Trade in services is key to recovery

As the largest sector in the world, services account for more than two-thirds of economic activity — and without services, global trade would freeze up, economic growth would stagnate and development gains would be lost. Services also make up an important part of our everyday lives. If you own a cell phone, use a bank, ship packages, draft up a contract, insure property or sell on e-Bay, you are relying on services.


And while services fuel more than 65 percent of global economic activity, they only account for about 20 percent of world trade. This goes to show that the service sector has yet to scratch the surface of its vast potential.

From my perspective, this untenable imbalance arose from the pervasive trade and regulatory barriers that stifle services trade around the world. Take for example the express delivery industry, which FedEx represents. The restrictions imposed by some countries that limit the services we can provide our global customers include anti-competitive practices of government-owned or -authorized monopolies, inefficient customs procedures, cumbersome licensing requirements, and restrictions on foreign investment, among others. Moreover, countries often adopt regulatory regimes that conflict with those of its neighbors, further burdening the flow of goods and services across borders. And these are just some examples from the express delivery industry. Even more challenges are faced by other companies working to serve customers on a global basis.

Leaders at the Global Services Summit are coming together at a crucial time. In the midst of the global economic downturn and a precipitous decline in global trade and investment, the public and private sectors must take action to help unlock the growth potential of the service sector for both developed and developing countries alike.

And if we as a global community can do a better job of tapping into this enormous potential, I believe that service businesses and those they employ can make a significant contribution to the strength and duration of an economic recovery. We see signs of a slow recovery, but to achieve sustainable growth, we must accelerate trade and investment in resilient and high-potential areas such as services rather than allow protectionist measures to slow us down.

Of course, a solution will not be delivered overnight at the Global Services Summit. Many of the barriers to services trade have been built over many decades, and they will be difficult to dismantle. Every day at FedEx, we see firsthand how these barriers limit the opportunities for our customers’ growth and prosperity — whether they face trade finance restrictions, inefficient customs regimes, licensing limitations, technology interference, insurance challenges, or other obstacles preventing fair and open competition. These barriers produce a ripple effect around the world, resulting in fewer market opportunities for businesses and fewer choices for consumers.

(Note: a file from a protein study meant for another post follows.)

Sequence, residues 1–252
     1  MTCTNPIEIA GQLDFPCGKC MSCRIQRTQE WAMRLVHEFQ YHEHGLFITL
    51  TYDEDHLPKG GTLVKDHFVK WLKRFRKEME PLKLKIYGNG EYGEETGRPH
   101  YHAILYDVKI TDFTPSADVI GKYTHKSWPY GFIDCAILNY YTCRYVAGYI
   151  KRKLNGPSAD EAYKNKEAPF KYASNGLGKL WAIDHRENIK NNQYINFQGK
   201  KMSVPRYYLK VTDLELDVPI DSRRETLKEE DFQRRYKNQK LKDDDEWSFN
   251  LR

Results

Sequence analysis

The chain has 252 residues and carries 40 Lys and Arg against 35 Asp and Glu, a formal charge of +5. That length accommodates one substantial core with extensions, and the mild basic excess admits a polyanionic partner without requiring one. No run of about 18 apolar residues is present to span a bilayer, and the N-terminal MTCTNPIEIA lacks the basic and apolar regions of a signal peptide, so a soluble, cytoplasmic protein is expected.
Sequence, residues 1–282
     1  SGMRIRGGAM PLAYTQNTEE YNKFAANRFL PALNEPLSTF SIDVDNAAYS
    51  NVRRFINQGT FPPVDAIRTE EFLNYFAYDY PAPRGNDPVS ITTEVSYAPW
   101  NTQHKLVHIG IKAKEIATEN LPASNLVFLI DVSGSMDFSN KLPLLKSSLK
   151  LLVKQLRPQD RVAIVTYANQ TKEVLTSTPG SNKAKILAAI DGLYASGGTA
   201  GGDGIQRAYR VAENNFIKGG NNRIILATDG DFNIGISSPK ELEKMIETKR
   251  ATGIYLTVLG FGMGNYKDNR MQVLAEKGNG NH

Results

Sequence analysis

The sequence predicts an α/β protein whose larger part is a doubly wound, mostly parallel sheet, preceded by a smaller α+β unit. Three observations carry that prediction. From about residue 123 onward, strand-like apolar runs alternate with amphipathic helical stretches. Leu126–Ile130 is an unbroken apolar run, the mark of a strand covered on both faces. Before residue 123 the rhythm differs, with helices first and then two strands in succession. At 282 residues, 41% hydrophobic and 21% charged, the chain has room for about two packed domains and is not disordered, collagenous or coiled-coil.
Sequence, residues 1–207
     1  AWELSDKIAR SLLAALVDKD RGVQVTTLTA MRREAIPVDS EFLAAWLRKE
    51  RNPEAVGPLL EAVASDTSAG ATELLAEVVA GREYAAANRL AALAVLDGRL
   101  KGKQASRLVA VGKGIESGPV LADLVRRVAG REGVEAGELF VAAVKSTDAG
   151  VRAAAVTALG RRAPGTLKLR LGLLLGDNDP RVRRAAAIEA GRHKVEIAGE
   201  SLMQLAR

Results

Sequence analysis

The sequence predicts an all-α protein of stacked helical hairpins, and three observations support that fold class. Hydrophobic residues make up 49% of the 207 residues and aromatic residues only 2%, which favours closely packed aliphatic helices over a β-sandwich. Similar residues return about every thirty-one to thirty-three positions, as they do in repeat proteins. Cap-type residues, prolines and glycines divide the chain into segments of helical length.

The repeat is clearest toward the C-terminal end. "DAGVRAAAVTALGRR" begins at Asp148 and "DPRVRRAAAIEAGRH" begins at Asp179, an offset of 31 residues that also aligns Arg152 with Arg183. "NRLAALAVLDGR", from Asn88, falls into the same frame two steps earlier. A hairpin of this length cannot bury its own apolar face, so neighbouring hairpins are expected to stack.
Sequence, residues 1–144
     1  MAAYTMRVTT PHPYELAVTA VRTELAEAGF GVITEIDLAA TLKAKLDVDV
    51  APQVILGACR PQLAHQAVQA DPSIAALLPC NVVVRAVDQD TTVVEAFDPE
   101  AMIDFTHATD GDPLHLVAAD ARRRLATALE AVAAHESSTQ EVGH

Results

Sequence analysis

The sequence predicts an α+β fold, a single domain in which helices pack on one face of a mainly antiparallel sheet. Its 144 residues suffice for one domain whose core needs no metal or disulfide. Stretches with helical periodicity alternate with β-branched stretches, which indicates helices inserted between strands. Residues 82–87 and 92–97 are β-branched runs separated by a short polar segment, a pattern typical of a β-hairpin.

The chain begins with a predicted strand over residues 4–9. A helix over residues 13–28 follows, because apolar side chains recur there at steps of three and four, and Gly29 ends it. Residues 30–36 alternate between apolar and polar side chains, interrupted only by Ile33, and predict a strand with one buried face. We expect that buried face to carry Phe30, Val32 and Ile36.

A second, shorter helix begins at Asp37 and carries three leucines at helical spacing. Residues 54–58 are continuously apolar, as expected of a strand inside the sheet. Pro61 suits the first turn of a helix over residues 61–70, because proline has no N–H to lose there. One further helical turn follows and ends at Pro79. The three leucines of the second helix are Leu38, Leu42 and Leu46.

What we need now to fuel future job growth and economic prosperity in the U.S. and abroad is a multilateral trade deal. Unfortunately, the Doha Round of negotiations has so far failed to produce meaningful results that would increase services trade. Services negotiators have been told to wait for agriculture and manufacturing negotiations to progress, but those negotiations have been stalled for years. Whatever gains are achieved in the manufacturing and agriculture negotiations can only be fully realized in tandem with the opening of markets in the service sector.

Service businesses and their employees are absolutely, positively vital to the health of the global economy. The Global Services Summit provides a unique platform upon which leaders can map out policies and strategies that will produce real market access, grow our economies and create jobs. In this economic climate, the service sector should not be overlooked. It may be our best hope to lead the world into a meaningful and sustainable economic recovery.

Ducker is president, international, of FedEx Express and the immediate past chairman of the Coalition of Service Industries.